Chinese state media has warned North Korea not to resort to any provocative nuclear or missile activities "for its own security".

An editorial in state-run The Global Times on 12 April cautioned North Korea, which is trying to develop nuclear missiles with long-distance range, that the US has made its stance clear and does not plan to co-exist with the isolated Stalinist state.

The warning comes at a time in the year when Pyongyang is known to flex its military muscles and conduct nuclear tests. The North Korean regime chooses big anniversaries for its ostentatious displays of strength and April's calendar is full of key political events.

The 105<sup>th anniversary of the birth of North Korea's late founder Kim Il-sung falls on 15 April, and the 85<sup>th anniversary of the creation of the Korean People's Army is on 25 April.

The Global Times said the possibility of US military action against North Korean leader Kim Jong-un's regime will be higher than ever if Pyongyang carries out its sixth nuclear test.

"Pyongyang can continue its tough stance, however, for its own security it should at least halt provocative nuclear and missile activities. Pyongyang should avoid making mistakes at this time," the editorial said.

It added that Washington's threat to rein in North Korea must be taken seriously because it is more credible after the US launched a surprise missile attack on an air base in Assad's Syria.

"Not only [is] Washington brimming with confidence and arrogance following the missile attacks on Syria, but Trump is also willing to be regarded as a man who honours his promises," the editorial said.

"The US is making up its mind to stop the North from conducting further nuclear tests. It doesn't plan to co-exist with a nuclear-armed Pyongyang," said the paper, which is run by the ruling Communist Party's official publication People's Daily.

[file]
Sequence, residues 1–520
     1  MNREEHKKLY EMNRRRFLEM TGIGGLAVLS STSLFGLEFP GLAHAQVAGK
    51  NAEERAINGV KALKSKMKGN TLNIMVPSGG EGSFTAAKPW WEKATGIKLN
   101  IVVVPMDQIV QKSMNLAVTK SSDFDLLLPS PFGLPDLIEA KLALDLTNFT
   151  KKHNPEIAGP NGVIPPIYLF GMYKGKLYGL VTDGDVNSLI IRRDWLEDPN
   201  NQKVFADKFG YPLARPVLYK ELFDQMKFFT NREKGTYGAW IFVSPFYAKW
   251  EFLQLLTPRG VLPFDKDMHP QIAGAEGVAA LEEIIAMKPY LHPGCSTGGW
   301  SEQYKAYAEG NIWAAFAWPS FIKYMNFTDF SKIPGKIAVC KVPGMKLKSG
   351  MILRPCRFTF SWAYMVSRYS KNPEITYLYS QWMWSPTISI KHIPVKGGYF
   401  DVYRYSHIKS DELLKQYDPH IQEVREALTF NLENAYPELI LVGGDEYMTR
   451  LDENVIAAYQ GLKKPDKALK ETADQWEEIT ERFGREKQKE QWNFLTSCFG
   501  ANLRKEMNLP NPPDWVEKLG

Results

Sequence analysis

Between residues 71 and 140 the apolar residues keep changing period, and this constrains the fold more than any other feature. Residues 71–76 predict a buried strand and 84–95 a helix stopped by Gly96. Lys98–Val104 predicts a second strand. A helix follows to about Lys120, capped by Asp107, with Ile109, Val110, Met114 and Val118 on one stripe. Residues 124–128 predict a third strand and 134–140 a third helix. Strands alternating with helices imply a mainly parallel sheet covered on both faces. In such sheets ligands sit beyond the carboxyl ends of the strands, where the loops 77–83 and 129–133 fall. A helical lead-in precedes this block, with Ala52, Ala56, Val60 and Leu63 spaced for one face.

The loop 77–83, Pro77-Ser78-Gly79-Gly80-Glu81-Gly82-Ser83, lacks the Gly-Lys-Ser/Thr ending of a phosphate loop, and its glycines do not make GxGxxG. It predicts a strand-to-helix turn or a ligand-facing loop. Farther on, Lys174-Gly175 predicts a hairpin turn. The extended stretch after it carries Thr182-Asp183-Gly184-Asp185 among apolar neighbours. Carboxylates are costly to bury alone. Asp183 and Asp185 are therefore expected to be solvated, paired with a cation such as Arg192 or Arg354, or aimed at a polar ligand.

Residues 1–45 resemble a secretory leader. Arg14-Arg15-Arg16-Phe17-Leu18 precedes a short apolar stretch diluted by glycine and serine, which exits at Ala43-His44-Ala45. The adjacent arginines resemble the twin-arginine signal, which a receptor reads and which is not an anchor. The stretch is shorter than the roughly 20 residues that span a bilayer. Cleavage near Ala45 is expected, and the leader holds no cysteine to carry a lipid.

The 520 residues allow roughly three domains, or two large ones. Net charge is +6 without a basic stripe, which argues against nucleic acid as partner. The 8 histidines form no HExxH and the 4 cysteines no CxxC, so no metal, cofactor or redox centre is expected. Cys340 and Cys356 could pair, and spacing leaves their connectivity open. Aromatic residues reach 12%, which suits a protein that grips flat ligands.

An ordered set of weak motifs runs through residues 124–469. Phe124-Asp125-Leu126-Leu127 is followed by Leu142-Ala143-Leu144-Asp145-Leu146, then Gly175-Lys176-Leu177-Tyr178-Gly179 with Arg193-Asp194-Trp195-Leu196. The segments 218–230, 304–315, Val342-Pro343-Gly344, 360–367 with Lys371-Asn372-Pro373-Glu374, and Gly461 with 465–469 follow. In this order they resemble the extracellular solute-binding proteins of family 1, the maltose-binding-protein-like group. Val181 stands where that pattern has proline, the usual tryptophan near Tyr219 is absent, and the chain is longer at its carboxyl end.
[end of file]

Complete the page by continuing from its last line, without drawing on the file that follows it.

The newspaper also warned that Beijing would probably react strongly to any North Korean tests and suggest the United Nations Security Council adopt severe restrictive measures that Pyongyang has never seen before. These would include restricting oil imports to the North Korea.

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North Korean leader Kim Jong-un acknowledges the applause as he supervises the launch of ballistic rockets on 7 March KCNA/Reuters

Xi phone call with Trump

China has backed UN sanctions against Pyongyang leaders and several businesses, but it has repeatedly urged the Security Council members to return to talks to ease tensions.

Tensions have been running high on the Korean peninsula in recent weeks, reaching a peak after the US sent his naval strike group to the region. North Korea reacted to Washington's action saying it would defend itself "by powerful force of arms" and not "beg for peace".

On 12 April, US President Donald Trump and his Chinese counterpart Xi Jinping held a telephone conversation after Trump tweeted that Washington was willing to act alone if China did not cooperate or offer help in containing Pyongyang.

During the conversation, Xi told Trump that China "is committed to the target of denuclearisation on the peninsula, safeguarding peace and stability on the peninsula, and advocates resolving problems through peaceful means," Chinese state broadcaster CCTV said.

Xi added that Beijing was "willing to maintain close communication and coordination with the US side".

Donald Trump Xi Jinping
US President Donald Trump speaks to Chinese President Xi Jinping to Mar-a-Lago in Florida Carlos Barria/Reuters